Saving Money

What Not to Buy at a Warehouse Store

Some Things Don't Belong on Your Costco Shopping List

By MELANIE EVANS | Updated October 23, 2023

When people get serious about saving money on the groceries they buy one of the first things they often do is pay for a membership at a warehouse store like Sam's Club or Costco.

This IS a good idea, as you can indeed save money buying in bulk on some things, but there are other items that just because you can buy them in bulk on your next warehouse shopping trip does not mean you should. Here's a look at some of those things, along with the reasons why it does not make sense to buy them in bulk.

Common Condiments

In industrial kitchens, super-sized cans of mayo, peanut butter, and other condiments make perfect sense, but they don't make much sense in the home kitchen. Why? Aside from the fact that you likely won't be able to finish them before the expiration date, you still have to worry about the possibility of contamination.

Any time someone dips a spoon, knife, or finger into the container to scoop any out, bacteria and other contaminants are introduced. Consider all the disgusting stuff you might be consuming by the time you finish the bottle or jar, and we're betting the regular-size condiments instantly sound like a better offer.


Even if they are cheaper, those big 25- or 50-pound bags of flour aren't a good buy unless you do a lot of baking. According to the Whole Grains Council, whole wheat flour can only last one to three months in the pantry because the oils in it go rancid fast.

Even though all-purpose flour has a longer shelf life, about 4-6 months past the best-buy date, it's still not a good idea to keep it in the pantry for that long. Since flour is vulnerable to weevil infestations, having it in your pantry is a recipe for disaster.

Seeds and Nuts

It's a good idea to have your pantry filled with nuts and seeds because they're so nutritious, just don't overdo it. They, like flour, are susceptible to rancidity. Just buy what you can eat within one to two months of the best-buy date printed on the jar or package, is a good rule of thumb to ensure great taste.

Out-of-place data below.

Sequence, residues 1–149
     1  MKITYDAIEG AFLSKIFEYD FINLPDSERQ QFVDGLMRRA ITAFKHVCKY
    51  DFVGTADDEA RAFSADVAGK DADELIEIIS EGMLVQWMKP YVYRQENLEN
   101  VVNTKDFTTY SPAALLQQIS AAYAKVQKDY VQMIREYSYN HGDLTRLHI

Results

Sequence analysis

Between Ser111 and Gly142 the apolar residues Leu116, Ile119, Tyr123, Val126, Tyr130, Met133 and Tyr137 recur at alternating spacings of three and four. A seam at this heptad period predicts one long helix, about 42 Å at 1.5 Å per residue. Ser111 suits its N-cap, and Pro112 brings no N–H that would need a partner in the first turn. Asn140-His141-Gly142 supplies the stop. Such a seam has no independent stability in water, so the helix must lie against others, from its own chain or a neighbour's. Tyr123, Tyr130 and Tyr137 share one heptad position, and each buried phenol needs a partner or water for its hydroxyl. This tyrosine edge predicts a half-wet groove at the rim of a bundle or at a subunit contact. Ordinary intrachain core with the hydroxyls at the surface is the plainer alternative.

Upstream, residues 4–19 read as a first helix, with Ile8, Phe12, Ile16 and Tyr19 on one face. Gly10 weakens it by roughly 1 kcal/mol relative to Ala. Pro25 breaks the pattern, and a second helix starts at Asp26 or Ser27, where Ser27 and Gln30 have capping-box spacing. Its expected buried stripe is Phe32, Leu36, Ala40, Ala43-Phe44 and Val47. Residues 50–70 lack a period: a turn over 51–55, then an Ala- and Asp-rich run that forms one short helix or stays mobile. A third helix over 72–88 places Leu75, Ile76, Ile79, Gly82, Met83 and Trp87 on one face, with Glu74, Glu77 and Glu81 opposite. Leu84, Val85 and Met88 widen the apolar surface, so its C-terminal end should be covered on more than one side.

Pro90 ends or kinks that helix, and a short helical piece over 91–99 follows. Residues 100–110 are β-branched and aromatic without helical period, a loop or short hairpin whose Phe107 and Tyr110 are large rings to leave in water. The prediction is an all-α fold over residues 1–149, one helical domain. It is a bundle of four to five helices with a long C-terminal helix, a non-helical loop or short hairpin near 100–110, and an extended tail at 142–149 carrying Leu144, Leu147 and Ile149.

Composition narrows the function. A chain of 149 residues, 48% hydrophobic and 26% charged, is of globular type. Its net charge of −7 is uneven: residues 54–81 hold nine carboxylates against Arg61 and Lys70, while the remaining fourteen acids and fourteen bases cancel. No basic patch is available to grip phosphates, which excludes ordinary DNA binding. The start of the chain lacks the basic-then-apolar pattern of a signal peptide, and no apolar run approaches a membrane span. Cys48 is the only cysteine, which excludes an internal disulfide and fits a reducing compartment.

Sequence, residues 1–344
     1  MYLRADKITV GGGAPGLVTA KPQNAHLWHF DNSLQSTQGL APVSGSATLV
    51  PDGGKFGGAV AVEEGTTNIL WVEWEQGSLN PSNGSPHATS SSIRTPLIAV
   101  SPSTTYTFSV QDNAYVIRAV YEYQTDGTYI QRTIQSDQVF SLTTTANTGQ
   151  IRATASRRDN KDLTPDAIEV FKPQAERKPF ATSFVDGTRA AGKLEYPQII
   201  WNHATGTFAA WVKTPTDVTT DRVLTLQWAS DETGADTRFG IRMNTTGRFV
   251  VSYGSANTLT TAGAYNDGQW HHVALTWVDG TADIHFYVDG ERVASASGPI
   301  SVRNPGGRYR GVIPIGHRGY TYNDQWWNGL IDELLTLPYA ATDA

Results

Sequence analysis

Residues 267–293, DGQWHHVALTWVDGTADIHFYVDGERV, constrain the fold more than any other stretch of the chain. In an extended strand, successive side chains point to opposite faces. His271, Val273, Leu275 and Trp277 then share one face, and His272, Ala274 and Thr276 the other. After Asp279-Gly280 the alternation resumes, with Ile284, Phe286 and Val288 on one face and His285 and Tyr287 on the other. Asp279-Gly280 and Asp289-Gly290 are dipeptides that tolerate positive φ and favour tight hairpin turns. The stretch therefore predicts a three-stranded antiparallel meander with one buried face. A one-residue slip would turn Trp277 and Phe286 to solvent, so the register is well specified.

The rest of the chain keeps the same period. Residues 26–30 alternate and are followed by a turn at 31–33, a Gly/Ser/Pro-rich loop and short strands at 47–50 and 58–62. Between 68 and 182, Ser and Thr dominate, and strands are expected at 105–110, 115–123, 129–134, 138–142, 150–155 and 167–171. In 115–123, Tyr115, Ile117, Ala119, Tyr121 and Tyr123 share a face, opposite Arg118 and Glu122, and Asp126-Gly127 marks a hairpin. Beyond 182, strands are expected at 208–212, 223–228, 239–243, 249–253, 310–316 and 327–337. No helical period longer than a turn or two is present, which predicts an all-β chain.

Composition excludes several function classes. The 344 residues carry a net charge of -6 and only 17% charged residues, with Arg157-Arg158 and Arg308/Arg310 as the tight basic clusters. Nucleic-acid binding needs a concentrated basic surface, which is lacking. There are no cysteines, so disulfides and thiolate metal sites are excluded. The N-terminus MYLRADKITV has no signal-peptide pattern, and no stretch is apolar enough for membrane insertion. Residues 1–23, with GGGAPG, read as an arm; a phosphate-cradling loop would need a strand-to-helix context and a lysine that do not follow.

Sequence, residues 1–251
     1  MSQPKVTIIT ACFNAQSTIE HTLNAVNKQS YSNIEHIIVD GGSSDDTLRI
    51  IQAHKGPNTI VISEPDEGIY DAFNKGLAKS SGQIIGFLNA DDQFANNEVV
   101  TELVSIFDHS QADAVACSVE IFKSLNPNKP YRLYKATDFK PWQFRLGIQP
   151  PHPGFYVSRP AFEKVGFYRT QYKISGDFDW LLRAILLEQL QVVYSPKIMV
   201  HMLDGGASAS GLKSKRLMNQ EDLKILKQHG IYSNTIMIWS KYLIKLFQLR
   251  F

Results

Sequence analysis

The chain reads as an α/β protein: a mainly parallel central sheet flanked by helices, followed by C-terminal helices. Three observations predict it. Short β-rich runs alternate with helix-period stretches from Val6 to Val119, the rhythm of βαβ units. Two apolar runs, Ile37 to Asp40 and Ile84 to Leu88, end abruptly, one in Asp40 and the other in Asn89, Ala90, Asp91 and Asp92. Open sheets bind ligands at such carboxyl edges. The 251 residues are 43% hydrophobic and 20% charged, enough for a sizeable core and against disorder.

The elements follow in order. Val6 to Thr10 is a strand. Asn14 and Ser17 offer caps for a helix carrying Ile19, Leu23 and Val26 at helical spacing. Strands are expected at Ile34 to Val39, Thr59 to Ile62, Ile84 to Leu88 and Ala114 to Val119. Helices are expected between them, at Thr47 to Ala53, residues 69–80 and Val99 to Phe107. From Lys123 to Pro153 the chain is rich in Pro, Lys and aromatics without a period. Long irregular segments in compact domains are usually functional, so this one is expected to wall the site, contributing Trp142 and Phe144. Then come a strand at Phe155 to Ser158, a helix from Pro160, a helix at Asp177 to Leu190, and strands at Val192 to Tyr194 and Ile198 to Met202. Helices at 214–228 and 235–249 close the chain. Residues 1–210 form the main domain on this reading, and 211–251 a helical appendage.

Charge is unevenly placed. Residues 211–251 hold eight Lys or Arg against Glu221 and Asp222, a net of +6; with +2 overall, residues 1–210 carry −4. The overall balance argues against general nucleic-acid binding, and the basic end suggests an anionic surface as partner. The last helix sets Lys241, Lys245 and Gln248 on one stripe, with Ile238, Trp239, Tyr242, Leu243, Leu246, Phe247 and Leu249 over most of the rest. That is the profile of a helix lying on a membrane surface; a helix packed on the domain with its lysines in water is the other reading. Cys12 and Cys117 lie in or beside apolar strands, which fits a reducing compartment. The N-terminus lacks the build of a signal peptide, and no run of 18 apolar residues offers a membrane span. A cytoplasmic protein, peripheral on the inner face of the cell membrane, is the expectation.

Herbs and Seasonings

Spices, herbs, and seasonings, unlike flour and nuts, do not go bad, but they do lose their potency over time. With this in mind, it's best to buy spices in small jars that you can use up quickly and refill on a regular basis.

Ground spices should be used within two to three years, according to spice icons McCormick, but many professional chefs recommend changing the spices in your kitchen every six months. That last bit of advice is another reason to buy small, as throwing away a little container of a spice will hurt a lot less than trashing a big one!

One more note here. No matter how convenient it can appear, keep your herbs and spices away from the stove. Heat, humidity, and light will hasten the fading of their flavor. They should be stored in a pantry or a cupboard, or in a spice rack located on a shadier counter in your kitchen.


Making your own coffee is far less expensive than buying it at a coffee shop, and although you might be tempted to save even more money by purchasing a large bag of grounds or beans, resist. The secret to good coffee is fresh coffee.

Purchase a small bag to keep in the freezer between brews. When you run out, have fun trying new flavors. That's preferable for some to drinking the same coffee every day but still a more affordable way to experiment with coffee flavors than hitting Starbucks or DD every day.

If you want to save money on coffee, and are one of the many people who have switched to a single serve brewer like the Keurig, invest in a pack of reusable K-cups and fill them yourself. Coffee in a tin or bag is much less expensive than those individual K-cup containers.

Cleaning Products

Buying large bottles of your favorite cleaners might seem like a good idea, and it is if you own a maid service, but it just doesn't make sense for regular people (who already have a hard time keeping one house clean). That's because many of your favorite cleaners have a far shorter shelf life than you would expect.

Laundry detergent is only good for six months to a year after it's been opened, according to the Goodhousekeeping Research Institute. Dishwasher detergent is only good for three months and liquid hand soap is only good for 12-18 months.

Anti-bacterial products have a shorter shelf life when purchased in bulk, according to their findings. In fact, it was discovered that certain items, such as multi-surface cleaner, had their shelf life cut in half when they were stored in larger containers.

This study provides an excellent argument for using white vinegar as your primary cleaning solution. It has a nearly limitless shelf life and is significantly less expensive than store-bought cleaners (even when purchased in bulk). If you buy a gallon, it will be a long time before you need to buy another.


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